Dr. Miller is a member of the Institute of Medicine of the National Academy of Sciences and is a fellow of the Royal College of Physicians and the Royal College of Anaesthetists. He is also a member of the State of Maryland’s Health Care Access and Cost Commission and serves on the boards of Care Fusion and the PNC Bank.

Born in February 1943 in Rochester, New York, Dr. Miller received his AB from Ohio Wesleyan University and his MD from the University of Rochester School of Medicine and Dentistry. He was a surgical intern at University Hospital in Boston, chief resident in anesthesiology at Peter Bent Brigham Hospital in Boston, and a research fellow in physiology at Harvard Medical School. He also spent a sabbatical year as a senior scientist in the Department of Pharmacology and Physiology of Hospital Necker in Paris. He and his wife, Lynne, are the parents of four adult children.

Held by Nicholas A. Flavahan

FlavahanNicholasDr. NICHOLAS A. FLAVAHAN, the inaugural Edward D. Miller, M.D. Professor of Anesthesiology Research, has had a distinguished biomedical career. He obtained his PhD in cardiovascular physiology and pharmacology in 1983 at the University of Glasgow in Scotland, United Kingdom. He then joined the Mayo Clinic in Rochester, Minnesota, as a Mayo Foundation senior research fellow and was appointed assistant professor of pharmacology at the Mayo Clinic in 1987. Dr. Flavahan stayed at the Mayo Clinic until 1989 when he joined the faculty of Johns Hopkins University as assistant professor of medicine and was promoted to associate professor of medicine in 1991. In 1997, he was recruited to The Ohio State University to help create the Heart and Lung Research Institute where he was deputy director of the institute as well as professor of internal medicine, physiology and cell biology. In September of 2006, Dr. Flavahan returned to The Johns Hopkins University where he was appointed professor, director of research and vice chair of the Department of Anesthesiology and Critical Care Medicine.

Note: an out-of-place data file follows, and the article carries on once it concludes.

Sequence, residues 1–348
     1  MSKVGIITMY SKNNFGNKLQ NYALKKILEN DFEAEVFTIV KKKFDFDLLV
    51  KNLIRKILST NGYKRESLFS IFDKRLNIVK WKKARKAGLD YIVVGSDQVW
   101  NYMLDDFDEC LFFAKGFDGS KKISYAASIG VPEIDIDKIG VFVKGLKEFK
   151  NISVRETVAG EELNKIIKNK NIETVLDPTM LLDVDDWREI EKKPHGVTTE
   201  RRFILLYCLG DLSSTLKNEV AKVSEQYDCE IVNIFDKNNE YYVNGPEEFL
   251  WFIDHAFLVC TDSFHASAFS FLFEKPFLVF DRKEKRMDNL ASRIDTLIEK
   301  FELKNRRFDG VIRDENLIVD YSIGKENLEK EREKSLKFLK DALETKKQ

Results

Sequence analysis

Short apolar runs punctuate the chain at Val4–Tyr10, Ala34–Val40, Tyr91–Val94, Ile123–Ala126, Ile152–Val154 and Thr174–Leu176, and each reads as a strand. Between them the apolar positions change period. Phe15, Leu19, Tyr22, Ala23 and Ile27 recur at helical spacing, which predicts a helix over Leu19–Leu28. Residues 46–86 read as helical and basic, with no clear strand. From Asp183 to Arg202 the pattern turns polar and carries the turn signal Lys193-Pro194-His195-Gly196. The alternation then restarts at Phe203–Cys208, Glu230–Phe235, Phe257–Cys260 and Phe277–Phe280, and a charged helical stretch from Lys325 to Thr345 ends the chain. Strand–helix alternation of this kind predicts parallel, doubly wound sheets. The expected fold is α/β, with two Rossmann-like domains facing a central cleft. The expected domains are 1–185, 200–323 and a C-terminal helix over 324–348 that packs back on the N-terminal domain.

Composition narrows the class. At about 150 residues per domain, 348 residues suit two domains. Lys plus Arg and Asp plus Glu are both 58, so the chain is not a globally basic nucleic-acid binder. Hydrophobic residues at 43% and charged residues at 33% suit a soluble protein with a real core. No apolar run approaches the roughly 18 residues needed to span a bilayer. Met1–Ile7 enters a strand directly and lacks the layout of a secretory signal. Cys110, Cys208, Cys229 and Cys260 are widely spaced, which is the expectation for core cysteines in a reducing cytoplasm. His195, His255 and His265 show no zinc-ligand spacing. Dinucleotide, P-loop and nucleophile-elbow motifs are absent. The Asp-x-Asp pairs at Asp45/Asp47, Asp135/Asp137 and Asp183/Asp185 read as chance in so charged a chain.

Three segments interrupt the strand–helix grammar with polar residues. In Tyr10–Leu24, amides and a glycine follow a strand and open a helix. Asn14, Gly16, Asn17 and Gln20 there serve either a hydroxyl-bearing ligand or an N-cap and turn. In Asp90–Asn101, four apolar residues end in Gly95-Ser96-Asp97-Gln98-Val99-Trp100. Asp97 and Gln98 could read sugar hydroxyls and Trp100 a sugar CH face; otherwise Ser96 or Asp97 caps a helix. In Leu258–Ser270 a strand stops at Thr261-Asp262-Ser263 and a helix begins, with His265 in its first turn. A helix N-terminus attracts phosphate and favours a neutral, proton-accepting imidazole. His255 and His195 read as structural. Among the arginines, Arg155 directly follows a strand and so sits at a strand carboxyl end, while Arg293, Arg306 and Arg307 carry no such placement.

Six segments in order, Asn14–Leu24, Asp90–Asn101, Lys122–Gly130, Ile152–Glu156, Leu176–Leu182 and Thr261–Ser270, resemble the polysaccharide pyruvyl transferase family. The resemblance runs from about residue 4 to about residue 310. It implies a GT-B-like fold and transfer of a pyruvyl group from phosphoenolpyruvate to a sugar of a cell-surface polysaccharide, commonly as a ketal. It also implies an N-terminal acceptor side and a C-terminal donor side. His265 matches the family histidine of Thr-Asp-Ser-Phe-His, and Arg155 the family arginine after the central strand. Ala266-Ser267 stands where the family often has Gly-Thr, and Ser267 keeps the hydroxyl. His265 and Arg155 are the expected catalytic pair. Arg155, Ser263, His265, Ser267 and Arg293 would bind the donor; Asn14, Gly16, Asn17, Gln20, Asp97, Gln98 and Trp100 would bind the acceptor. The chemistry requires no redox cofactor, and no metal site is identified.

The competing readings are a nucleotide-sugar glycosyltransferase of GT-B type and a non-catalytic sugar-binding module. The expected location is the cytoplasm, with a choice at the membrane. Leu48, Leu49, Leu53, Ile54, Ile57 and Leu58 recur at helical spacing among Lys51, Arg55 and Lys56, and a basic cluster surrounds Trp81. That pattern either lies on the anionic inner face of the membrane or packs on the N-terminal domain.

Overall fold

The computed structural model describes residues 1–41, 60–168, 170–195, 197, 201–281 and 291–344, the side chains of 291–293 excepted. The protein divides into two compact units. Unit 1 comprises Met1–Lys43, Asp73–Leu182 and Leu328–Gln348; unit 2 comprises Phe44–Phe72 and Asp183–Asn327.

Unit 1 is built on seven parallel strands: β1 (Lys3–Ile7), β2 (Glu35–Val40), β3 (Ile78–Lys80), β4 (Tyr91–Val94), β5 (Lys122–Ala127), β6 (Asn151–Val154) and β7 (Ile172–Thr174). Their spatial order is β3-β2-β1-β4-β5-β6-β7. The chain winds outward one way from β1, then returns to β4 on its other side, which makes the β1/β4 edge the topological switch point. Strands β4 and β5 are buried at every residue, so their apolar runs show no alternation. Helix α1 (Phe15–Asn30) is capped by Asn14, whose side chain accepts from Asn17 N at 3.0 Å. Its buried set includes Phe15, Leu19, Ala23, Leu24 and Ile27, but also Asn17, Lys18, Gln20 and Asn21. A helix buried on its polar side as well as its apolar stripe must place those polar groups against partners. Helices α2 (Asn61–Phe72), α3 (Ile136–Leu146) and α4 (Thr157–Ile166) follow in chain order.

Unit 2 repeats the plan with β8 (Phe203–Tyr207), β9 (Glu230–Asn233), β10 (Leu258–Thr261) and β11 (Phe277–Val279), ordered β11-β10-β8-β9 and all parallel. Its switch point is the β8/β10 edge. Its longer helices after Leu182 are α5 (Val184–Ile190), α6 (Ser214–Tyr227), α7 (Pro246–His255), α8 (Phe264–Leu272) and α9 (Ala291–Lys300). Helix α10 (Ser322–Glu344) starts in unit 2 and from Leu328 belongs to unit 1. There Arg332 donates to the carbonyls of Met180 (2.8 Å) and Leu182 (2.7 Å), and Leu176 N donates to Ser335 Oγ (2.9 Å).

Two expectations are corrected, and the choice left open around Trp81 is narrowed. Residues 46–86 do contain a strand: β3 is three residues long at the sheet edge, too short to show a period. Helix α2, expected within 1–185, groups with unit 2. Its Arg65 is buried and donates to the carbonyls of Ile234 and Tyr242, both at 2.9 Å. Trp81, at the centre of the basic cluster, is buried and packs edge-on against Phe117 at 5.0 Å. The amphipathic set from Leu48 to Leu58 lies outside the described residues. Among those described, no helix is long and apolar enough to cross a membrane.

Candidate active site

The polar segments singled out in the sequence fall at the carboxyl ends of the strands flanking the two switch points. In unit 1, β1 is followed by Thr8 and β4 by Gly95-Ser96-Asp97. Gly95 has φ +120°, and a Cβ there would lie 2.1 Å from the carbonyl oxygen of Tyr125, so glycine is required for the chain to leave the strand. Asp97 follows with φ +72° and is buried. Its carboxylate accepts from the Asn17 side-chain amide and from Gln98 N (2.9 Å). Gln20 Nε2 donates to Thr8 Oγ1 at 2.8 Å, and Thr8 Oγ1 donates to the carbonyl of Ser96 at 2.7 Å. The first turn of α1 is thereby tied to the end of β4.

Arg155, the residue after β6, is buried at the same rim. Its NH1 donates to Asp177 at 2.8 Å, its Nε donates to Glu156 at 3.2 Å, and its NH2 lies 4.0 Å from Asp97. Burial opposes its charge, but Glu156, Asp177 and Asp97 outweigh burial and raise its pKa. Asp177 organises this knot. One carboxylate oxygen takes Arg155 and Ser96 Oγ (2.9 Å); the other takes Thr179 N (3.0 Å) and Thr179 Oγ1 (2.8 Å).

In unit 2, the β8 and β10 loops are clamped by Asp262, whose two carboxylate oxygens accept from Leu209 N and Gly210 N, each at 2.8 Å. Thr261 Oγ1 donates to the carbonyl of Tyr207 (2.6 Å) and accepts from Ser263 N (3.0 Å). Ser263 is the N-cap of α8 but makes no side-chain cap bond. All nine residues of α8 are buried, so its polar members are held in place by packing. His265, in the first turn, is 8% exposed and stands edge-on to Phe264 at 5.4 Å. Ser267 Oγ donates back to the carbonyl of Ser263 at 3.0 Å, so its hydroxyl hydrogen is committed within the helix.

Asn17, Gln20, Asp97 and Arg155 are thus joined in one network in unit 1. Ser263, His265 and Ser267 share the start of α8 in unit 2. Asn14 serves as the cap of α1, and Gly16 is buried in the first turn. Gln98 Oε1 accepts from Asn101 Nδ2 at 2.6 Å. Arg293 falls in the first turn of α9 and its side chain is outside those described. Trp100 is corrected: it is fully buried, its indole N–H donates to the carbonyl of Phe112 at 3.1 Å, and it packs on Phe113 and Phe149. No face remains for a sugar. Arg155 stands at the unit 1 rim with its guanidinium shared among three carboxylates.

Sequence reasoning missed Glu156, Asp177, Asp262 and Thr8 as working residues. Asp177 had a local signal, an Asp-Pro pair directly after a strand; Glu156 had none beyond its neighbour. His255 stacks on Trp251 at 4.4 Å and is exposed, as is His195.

Dr. Flavahan is one of the world’s top molecular vascular pharmacologists. He has published over 100 peer-reviewed manuscripts and has been funded continuously by the NIH for more than 20 years. Among many firsts, he discovered the molecular mechanisms underlying cold-induced vasoconstriction in the cutaneous circulation and its contribution to normal physiology and vascular disease. Dr. Flavahan has also been an effective teacher and mentor, with many of trainees advancing to leadership positions in the pharmaceutical industry and academic medicine.

Since returning to Johns Hopkins University, Dr. Flavahan has had a dramatic influence on the research activity of the Department of Anesthesiology and Critical Care Medicine, revamping the infrastructure for conducting basic clinical and translational research, redefining mechanisms for scientific interaction, reorganizing and facilitating the grant submission process, and providing structured and transparent mechanisms for young trainees and junior faculty to achieve independence and career advancement.